COLUMBIA ó A bill that would have strengthened the stateís Freedom of Information law died in the state Senate after a Democrat placed a legislative block on the measure.

Among many changes, the bill would have reduced costs public bodies can charge in response to open-records requests, forced bodies to make certain records available for immediate inspection and put an end to more than month-long waits for public information.

Sen. John Scott, D-Columbia, said he blocked the bill because he didnít think it had received enough review after passing the House earlier in the session.

And lawmakers needed more time to consider how the changes to the S.C. Freedom of Information Act would impact state and local agencies who would have to meet the new standards, he said.

The bill was assigned to a Senate subcommittee but was never debated there after it was fast-tracked to the Senate Judiciary Committee by Chairman Larry Martin, R-Pickens.

After clearing the committee, it went to the Senate, where it stalled.

ďUntil we can have some real debate on that bill, and I know what the subcommittee recommends, Iím not going to pass a bill like that out of here,Ē Scott said of his block.

Senators could have overcome Scottís objection with a two-thirds vote.

Sen. Brad Hutto, D-Orangeburg, had been the lone senator blocking the bill until he removed his objection on Tuesday.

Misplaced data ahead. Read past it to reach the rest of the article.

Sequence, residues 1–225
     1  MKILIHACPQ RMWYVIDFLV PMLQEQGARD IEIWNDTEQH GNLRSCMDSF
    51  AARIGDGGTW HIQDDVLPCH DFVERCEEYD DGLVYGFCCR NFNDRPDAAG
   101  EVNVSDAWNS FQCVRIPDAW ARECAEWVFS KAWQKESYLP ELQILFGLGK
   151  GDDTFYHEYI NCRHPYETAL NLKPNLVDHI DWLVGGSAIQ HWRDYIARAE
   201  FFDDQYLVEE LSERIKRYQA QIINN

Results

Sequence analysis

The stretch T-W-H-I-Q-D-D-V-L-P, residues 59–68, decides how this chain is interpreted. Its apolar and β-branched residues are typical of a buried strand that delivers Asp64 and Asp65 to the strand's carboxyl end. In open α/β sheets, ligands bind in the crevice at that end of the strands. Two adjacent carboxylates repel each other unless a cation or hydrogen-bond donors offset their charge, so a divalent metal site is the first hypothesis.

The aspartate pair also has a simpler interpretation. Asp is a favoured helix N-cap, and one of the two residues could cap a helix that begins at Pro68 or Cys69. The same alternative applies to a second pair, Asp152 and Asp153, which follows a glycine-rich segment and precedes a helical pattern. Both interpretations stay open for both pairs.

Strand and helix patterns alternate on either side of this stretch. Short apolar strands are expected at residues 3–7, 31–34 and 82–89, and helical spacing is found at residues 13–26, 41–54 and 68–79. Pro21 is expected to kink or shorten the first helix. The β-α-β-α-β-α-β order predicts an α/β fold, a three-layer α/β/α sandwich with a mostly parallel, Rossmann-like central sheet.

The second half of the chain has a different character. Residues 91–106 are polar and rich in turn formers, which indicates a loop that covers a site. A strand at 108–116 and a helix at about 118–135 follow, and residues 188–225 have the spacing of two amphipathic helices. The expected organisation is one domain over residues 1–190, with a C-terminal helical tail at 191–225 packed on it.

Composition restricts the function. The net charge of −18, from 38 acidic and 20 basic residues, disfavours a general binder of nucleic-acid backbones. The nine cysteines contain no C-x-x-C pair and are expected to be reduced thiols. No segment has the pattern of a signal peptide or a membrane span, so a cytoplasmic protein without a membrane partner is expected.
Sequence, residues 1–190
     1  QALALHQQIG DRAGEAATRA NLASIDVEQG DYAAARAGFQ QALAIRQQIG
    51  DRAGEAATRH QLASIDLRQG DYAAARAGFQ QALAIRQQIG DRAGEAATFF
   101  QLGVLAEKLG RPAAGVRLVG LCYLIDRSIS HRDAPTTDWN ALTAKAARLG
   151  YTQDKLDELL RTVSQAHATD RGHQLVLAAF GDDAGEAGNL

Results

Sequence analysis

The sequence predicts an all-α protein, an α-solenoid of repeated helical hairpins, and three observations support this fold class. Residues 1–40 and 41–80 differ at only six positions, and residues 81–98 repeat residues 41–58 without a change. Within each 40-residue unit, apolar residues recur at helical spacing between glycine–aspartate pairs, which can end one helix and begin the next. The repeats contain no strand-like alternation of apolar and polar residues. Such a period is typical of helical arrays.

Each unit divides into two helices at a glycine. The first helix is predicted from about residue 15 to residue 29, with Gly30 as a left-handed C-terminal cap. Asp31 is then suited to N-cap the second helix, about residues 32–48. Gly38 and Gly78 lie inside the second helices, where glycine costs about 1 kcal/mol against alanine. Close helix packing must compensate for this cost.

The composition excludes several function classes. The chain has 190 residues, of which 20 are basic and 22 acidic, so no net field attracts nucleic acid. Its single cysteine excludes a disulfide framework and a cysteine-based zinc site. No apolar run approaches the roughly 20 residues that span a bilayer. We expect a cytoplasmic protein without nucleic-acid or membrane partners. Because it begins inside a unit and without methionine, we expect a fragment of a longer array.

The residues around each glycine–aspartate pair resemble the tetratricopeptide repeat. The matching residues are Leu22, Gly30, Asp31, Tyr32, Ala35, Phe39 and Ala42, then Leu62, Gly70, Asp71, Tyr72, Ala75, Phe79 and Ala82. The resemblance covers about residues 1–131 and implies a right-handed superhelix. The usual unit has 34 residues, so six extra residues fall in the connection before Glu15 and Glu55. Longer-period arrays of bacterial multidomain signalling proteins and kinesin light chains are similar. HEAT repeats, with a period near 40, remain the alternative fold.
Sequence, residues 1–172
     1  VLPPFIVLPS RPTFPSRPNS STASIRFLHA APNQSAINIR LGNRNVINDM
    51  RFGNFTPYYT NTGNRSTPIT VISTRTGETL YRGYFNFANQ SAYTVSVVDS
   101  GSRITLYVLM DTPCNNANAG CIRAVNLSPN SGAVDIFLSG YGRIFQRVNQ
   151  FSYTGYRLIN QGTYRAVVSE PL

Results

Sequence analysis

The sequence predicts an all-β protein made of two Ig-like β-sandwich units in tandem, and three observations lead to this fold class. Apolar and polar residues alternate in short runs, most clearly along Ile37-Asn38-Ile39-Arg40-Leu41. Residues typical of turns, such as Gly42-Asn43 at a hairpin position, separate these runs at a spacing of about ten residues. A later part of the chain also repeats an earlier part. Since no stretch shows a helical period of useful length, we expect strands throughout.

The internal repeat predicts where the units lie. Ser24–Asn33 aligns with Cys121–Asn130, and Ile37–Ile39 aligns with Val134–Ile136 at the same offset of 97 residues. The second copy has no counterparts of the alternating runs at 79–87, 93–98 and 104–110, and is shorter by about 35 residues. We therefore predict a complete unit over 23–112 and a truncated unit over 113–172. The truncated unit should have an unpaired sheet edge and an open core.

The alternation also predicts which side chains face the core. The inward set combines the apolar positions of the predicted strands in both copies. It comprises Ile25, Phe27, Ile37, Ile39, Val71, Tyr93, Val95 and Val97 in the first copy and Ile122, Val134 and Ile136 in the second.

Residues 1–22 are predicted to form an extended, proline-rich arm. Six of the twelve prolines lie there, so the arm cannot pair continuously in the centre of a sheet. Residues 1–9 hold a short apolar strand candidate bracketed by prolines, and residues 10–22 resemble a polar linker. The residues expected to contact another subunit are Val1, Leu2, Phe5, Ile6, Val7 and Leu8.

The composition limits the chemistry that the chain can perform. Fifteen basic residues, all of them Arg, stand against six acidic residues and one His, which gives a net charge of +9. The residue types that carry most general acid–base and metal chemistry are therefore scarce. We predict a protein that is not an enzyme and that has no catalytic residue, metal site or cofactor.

But Scott quickly placed his block on the measure.

Bill supporters had long figured the measure faced its toughest test in the Senate, where legislative rules make it easier to put the brakes on bills.

Also at issue was a controversial amendment added to the bill just before it passed the House that would have lifted the exemption in state law that allows state legislators to keep their emails and other internal correspondence closed.

The S.C. Press Association said the amendment injected politics into the bill and made it less likely that the original, more straightforward bill would clear the Legislature.

The associationís executive director, Bill Rogers, said in a Thursday letter to members that the press group plans to work with the billís sponsor, Rep. Bill Taylor, R-Aiken, to bring the measure back next year.

Bills such as Taylorís that donít pass in the second year of a two-year session must start from scratch the following year.

Taylor said this week that he plans to reintroduce his bill next year and work with Sen. Mike Rose, R-Summerville, to introduce a companion measure in the Senate.

Reach Stephen Largen at 864-641-8172 and follow him on Twitter @stephen largen.